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Wednesday
Mar072012

Twelve Writer Woes and the Books to Cure Them

Last Lecture by Randy Pausch - and other books
Photo via BrewBooks
I'm a writing book whore. I can't deny it. I know every how-to-write book says this ones is "the only writing book you'll ever need". But yeah, whatever. Not true. Every book on craft I pick up, I learn SOMETHING new. A new technique, a new way to look at things, an a-ha moment on something I was having trouble with. These books feed your writer brain like Reese's chocolate easter eggs feed your soul--wait, the egg thing may just be me, but you see what I'm getting at. So I figured I would compile a list from my personal stash of writing books to recommend.

*This is an old post that I have updated and added new books too. 

 

Twelve Writer Woes and the Books to Cure Them

 

Problem #1: You're a pantser and are dying to figure out a way to SIMPLY plot. 

Though I have a little nerdgasm looking at pictures of people's plotting white boards with all their notes and post-its and color-coding and index carding, the idea of actually doing that to one of my stories makes my throat close up in anaphylactic shock. But, at the same time, I crave some organization, some rough map of where I'm going. Enter my favorite book, *pets its cover* Seriously, life-changing. I can now write entire synopsis (to sell on proposal) before I've written any of the novel. Don't worry that it says screenwriting, it totally applies to novels as well.

 

Save The Cat! The Last Book on Screenwriting You'll Ever Need

Save The Cat! The Last Book on Screenwriting You'll Ever Need

 


Problem #2: You keep getting partial requests but not follow-up full requests. So, you may, um, suck at openings. 

Hooked: Write Fiction That Grabs Readers at Page One and Never Lets Them Go

Hooked: Write Fiction That Grabs Readers at Page One & Never Lets Them Go


Problem #3:  You're writing your first book and are absolutely overwhelmed by the process. 

Your First Novel: An Author Agent Team Share the Keys to Achieving Your Dream

Your First Novel: An Author Agent Team Share the Keys to Achieving Your Dream

 

Problem #4:  Your stories seem to lose focus or meander during the process.

Or maybe you're getting feedback from critters saying--I'm not really sure why your character is doing this or this scene doesn't seem to have a focus/point. This means you need to get down to the bones that hold a character and story together. This one is a classic you'll hear recommended over and over.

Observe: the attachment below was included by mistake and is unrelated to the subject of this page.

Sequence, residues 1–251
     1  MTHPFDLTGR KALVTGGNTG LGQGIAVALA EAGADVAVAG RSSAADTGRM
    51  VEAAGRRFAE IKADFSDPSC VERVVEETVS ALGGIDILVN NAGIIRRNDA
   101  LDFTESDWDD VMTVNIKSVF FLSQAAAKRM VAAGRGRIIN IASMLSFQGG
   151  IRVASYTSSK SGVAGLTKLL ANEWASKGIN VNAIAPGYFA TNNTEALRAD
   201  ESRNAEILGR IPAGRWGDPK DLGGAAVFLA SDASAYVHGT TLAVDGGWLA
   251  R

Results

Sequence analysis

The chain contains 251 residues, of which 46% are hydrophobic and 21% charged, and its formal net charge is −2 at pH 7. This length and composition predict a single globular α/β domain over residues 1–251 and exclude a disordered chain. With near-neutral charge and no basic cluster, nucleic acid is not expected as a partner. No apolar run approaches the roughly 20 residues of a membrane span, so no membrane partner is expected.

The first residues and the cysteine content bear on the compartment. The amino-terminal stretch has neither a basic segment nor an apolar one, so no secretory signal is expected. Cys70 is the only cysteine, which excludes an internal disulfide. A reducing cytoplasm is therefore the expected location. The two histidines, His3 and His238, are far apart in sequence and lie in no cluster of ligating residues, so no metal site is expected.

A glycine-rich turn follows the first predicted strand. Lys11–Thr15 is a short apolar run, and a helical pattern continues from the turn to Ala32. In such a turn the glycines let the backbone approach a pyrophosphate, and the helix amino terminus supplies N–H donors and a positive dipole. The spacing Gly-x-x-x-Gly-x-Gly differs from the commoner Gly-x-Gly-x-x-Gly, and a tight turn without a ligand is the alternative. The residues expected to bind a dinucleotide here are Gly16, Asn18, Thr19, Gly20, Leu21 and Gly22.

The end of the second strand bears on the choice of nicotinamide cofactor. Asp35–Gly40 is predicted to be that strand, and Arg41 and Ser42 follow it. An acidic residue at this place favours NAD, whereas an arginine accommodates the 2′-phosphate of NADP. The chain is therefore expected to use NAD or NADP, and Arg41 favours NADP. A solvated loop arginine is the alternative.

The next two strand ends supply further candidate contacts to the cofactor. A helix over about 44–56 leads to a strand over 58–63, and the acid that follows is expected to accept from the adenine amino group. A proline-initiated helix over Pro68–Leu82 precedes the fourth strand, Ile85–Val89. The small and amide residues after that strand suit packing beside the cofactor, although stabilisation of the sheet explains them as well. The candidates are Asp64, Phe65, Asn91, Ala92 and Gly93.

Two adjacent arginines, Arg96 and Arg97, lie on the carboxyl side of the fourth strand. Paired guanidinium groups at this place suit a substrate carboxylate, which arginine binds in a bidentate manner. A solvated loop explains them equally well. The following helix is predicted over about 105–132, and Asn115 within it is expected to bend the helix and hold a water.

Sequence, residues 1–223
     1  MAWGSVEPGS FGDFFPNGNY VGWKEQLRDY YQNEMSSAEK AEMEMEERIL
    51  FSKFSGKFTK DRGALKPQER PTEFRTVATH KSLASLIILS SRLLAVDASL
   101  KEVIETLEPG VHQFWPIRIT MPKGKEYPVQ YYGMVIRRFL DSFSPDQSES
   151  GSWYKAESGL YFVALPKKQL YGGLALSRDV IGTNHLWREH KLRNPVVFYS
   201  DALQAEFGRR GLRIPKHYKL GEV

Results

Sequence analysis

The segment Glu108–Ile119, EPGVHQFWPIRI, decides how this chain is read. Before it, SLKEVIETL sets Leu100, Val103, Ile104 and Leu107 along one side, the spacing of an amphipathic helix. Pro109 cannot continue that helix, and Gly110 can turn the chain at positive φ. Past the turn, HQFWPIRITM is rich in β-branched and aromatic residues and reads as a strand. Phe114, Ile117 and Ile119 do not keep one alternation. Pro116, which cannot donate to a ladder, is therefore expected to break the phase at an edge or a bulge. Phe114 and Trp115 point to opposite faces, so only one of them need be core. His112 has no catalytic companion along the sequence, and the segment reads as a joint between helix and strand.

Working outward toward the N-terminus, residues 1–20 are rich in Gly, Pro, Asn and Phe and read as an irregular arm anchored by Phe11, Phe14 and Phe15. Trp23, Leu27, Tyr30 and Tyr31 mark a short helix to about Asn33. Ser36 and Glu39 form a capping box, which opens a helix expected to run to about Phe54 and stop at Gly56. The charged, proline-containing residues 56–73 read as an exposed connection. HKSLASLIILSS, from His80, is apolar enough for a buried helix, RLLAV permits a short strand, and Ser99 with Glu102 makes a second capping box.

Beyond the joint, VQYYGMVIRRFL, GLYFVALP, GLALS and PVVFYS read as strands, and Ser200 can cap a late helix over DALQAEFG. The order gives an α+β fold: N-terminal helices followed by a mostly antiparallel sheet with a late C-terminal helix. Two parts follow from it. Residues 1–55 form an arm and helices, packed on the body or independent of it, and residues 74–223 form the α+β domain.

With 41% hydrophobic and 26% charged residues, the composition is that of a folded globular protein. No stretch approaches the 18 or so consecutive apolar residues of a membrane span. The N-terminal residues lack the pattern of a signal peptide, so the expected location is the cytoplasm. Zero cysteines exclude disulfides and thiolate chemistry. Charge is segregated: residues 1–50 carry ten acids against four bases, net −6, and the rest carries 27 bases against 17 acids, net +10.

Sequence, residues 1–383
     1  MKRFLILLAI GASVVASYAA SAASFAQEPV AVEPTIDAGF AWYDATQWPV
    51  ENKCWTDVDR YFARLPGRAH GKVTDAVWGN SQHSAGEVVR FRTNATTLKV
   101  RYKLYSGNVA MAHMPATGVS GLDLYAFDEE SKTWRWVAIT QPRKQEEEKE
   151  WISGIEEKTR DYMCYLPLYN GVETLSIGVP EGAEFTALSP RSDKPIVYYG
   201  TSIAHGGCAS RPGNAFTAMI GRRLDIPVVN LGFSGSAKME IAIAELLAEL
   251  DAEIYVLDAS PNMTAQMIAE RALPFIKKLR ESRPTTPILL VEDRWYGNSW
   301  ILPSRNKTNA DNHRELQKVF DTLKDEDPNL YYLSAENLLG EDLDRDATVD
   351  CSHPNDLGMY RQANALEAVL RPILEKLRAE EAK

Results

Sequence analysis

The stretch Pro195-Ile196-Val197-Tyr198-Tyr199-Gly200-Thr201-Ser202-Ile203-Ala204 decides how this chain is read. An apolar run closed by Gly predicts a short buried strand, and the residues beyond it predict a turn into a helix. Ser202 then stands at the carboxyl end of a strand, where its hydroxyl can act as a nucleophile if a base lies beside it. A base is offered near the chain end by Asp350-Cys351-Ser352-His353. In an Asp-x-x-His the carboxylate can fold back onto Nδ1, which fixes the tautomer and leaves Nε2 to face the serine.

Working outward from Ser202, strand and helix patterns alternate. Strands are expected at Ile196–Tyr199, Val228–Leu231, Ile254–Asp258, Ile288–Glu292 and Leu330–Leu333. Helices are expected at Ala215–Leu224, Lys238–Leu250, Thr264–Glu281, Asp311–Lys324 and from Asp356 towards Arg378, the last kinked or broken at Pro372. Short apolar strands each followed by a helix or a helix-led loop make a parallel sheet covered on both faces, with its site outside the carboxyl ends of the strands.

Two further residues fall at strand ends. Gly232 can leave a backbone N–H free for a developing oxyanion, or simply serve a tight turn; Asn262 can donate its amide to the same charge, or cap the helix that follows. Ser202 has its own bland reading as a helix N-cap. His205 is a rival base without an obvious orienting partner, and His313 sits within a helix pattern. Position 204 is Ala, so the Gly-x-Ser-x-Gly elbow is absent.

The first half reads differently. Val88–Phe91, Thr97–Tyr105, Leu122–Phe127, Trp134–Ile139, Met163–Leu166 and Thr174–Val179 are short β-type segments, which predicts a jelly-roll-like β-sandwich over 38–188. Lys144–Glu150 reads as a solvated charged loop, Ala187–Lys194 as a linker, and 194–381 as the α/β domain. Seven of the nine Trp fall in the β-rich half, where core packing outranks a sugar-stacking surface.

Goal, Motivation, & Conflict

(If you buy this one, get it from this link. It's cheaper directly from her site.)

Goal, Motivation and Conflict: The Building Blocks of Good Fiction

 

Problem #5:  You know you can write, but your books still aren't getting that agent or publisher. 

You get feedback like, "You clearly have talent, but the story or characters just didn't resonate with me or reach out and grab me."

The Fire in Fiction: Passion, Purpose and Techniques to Make Your Novel Great

The Fire in Fiction: Passion, Purpose and Techniques to Make Your Novel Great

 

Problem #6: When you go back to edit your book, you have to cut a ton of scenes because they just aren't moving the story forward or adding anything.

Make a Scene: Crafting a Powerful Story One Scene at a Time 

Make a Scene: Crafting a Powerful Story One Scene at a Time

 

Problem #7 You need to write some hawt scenes, but whoa, shock of all shocks, sex isn't that easy to write! Who knew?

Passionate Ink: A Guide to Writing Erotic Romance

Passionate Ink: A Guide to Writing Erotic Romance


Problem #8: You've been told you need to "tighten" your writing.

A nuts and bolts guide that will get your waistband cinched up quicker than Jenny Craig...

The Book on Writing: The Ultimate Guide to Writing Well

The Book on Writing: The Ultimate Guide to Writing Well

 

Problem #9: You just want a kickass book on writing and want to hear Stephen King talk about what adverbs have to do with hell. 

On Writing: 10th Anniversary Edition: A Memoir of the Craft

On Writing: 10th Anniversary Edition: A Memoir of the Craft

 

Problem #10 - Your characters jump off the page and readers instantly feel connected to them, but your plot is weak or downright absent.

This book has been a life saver for me because plot is always my biggest struggle. It's one of those books you want to read slowly and more than once because there's a brilliant nugget on every page.

 

 
 

 

Problem #11 - You can come up with the most twisty-turny, compelling plot ever, but your characters are cardboard players stuck in there just to serve the plot or completely unbelievable.

The Complete Writer's Guide to Heroes and Heroines

 

 

Problem #12 - You're writing is "good" but you can't seem to make that draft sing and stand out. 

I had the privilege of seeing Margie Lawson speak at a local conference on fresh writing and it really was a revelation. (When you read MELT INTO YOU, the prologue was totally inspired by that class. I came home and wrote it the night after her lecture.) Her editing system and focus on taking the clichés out of your writing is amazing. She doesn't have a book, but she has lecture packets. And though twenty bucks may seem pricey for a packet, I can assure you these packets are THICK and chock full of awesomeness. Check them out here.

 

So those are some of my faves. Every time I open one of these books, I learn something useful. It's like my prescription when I have writer's block.

So do you suffer from any of these above afflictions? Which one? Do you have any of these books? What's your favorite craft book and why?

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